Undeniably a noble ideal, zero waste is an impossibility for nearly every human living in poverty or in developing nations. While we should all strive to reduce plastic consumption, the truth is far too many people worldwide don’t have access to basic waste management, nor the ability to choose products without plastic packaging. It should be a goal of zero-waste advocates to ensure all products at all price points are earth friendly. Is it a big ask? Possibly, but the alternative is a quarter of the human population polluting the planet at exorbitant rates without recourse.
I came to India in March of 2017, to meet my then-fiancé. He and his family were upper class, so I didn’t think things would be vastly different than my life in America. I expected culture shock, a new language, exciting food, but not piles and piles of garbage. I landed in Delhi and felt the heaviness of the smoggy air squeezing my chest like a vice. In the taxi to our hotel, I saw people burning small piles of plastic or throwing trash onto the streets. There were no trash cans in sight. After a lengthy train ride I arrived in Jabalpur. I can vividly remember my shock when my in-laws told me to throw our garbage in the empty plot next door.
I don’t think I’d ever littered in my life. My mother impressed upon me from childhood the importance of recycling, and we would often volunteer to do roadside clean-ups together. I could only think what my mom would say if she knew. My teeth clenched with discomfort and I lamented the injustice of it all. I tried (at the very least) to keep trash in bags, so that it wouldn’t spread all over the streets. If we ate snacks in the car, I’d get confused looks when I stashed the wrapper in my pocket to take home, instead of disposing it out the window like everyone else. I struggled with the horror of knowing what was happening and the inability to do anything about it. The smog and acrid scent of burning plastic always gave me a migraine, so I stopped going out.
About a year after I moved to India, we started getting semi-regular trash service. Even so, the neighborhood continues to toss their trash here, there, and everywhere. Partially out of habit or “convenience,” but also partially due to the fact that sometimes the garbage truck doesn’t come at all. People here live their lives seemingly unaware of the plastic menace, or perhaps are so inundated by it that they don’t see the point in caring. Although India has technically banned plastic bags shopkeepers still hand them out like candy. There is no such thing here as “eco-friendly” packaging, nor is there a recycling system.
Without access to waste management services, even well-off people burn their trash or throw it near their homes because there is no alternative. According to the World Bank, “In low-income countries, over 90% of waste is often disposed in unregulated dumps or openly burned”. However, this isn’t just happening in undeveloped countries. Many developed nations have waste services that aren’t affordable or accessible to all citizens, especially in rural areas and First Nations. This cannot continue. We all deserve a good quality of life and a clean environment.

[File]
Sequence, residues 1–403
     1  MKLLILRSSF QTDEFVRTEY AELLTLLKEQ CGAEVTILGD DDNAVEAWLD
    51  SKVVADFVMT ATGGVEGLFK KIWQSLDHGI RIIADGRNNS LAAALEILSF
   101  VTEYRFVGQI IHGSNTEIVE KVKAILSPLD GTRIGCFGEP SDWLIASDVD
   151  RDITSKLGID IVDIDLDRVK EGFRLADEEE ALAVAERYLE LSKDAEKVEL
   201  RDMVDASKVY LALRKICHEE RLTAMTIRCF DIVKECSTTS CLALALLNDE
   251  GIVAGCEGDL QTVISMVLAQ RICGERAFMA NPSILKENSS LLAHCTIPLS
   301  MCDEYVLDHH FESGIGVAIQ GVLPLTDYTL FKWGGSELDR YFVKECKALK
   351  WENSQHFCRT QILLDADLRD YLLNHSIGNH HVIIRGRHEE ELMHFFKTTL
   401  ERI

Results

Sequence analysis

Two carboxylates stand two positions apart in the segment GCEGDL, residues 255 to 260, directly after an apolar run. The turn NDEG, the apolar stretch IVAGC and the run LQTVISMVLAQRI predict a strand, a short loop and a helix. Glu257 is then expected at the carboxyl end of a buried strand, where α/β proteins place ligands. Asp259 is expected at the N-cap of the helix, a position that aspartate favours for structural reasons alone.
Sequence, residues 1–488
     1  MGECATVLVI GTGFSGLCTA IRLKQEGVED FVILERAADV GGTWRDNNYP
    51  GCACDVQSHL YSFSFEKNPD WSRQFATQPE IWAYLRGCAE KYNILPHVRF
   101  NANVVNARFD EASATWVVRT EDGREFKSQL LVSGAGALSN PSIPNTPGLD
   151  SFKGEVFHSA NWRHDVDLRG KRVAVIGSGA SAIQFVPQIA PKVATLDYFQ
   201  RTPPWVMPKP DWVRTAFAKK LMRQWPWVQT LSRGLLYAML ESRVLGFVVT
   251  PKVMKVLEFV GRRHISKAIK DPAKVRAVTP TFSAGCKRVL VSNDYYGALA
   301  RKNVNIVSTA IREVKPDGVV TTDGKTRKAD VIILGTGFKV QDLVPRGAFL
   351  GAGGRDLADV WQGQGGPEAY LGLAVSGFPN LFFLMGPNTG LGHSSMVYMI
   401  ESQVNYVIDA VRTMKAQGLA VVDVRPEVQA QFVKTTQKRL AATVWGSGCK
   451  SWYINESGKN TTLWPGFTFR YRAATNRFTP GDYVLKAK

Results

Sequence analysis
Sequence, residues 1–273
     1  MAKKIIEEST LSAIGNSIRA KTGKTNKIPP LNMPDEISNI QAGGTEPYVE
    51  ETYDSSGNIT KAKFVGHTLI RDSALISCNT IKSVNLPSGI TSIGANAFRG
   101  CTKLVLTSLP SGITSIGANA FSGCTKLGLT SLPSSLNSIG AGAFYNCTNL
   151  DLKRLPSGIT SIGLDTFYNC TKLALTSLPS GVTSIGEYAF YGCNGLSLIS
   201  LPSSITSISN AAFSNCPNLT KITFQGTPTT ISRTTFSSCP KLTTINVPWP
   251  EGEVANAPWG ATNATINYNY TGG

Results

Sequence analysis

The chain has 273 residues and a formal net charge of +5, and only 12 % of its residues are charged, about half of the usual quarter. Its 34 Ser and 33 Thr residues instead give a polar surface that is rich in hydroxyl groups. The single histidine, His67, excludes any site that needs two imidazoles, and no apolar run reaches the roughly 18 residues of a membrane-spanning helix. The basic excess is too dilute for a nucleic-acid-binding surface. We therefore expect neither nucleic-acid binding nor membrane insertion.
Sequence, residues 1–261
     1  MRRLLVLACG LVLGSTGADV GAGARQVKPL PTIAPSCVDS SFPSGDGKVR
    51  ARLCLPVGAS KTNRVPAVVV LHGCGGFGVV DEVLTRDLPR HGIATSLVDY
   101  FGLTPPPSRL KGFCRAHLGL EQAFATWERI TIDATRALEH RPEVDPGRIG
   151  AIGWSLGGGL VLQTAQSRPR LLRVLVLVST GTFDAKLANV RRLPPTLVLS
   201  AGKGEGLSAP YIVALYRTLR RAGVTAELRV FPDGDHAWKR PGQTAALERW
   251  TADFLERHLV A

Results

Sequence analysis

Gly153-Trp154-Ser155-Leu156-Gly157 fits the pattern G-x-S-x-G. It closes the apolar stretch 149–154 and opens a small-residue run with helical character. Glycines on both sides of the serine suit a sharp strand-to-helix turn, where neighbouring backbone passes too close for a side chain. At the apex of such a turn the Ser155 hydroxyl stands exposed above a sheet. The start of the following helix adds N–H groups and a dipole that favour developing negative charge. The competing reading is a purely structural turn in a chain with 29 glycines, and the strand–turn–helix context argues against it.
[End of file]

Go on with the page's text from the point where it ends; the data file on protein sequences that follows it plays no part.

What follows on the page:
I’ve witnessed families in India living atop enormous trash heaps. There is an entire class of people here who pick through trash, looking for scraps to sell. Many are children who will live and die without hope of escaping poverty or getting a basic education. If we eliminate plastic waste products, how will these people earn money? It’s not that we should keep polluting so that these people can continue to eke out a desperate living in waste management. But when we envision the future, where do the world’s least privileged fit in?
In order to build a zero-waste movement that works for everyone, collaboration is key. Exploring ideas and discussing options together can create a world where zero waste is a tangible reality. Send letters to major companies with international appeal (Coca-Cola, Pepsi and Nestle are the #1 polluters in the world). Create job opportunities à la the Green New Deal for unskilled laborers, like making plastic bricks from water bottles and creating a market for “recycled” building materials. Petition your local and global political leaders for strict regulations on major polluters. Find out the status of how accessible your local waste management services are, and contact community leaders about it. Spend time talking with your friends and family about the struggles people living without waste management services face. Through awareness of these issues we can build a zero waste movement that is truly inclusive and accessible.
Perhaps it sounds counter-intuitive, but there are many things people in developed nations can learn from those living in developing countries. Limiting water consumption, re-purposing/repairing everything, minimal dependence on electricity, hand-making clothing, and cloth diapering are just a few examples of habits people in developing nations practice. Using a bucket and a cup to “shower” is a water-saving method I’ve become accustomed to. It’s still discomfiting to think how wasteful I’d been in the past while bathing, but nobody is perfect!
We are at a dangerous tipping point, and every action by every individual is relevant to the outcome of Earth’s future. It’s imperative to make your voice heard on this issue, because it matters. The simple act of spreading awareness of the issues people face accessing waste services and eco-friendly products can help create meaningful change. Feel free to discuss ways we can make zero waste an accessible part of everyone’s lives. I’d love to hear your ideas!
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Photo: Jessi Ferguson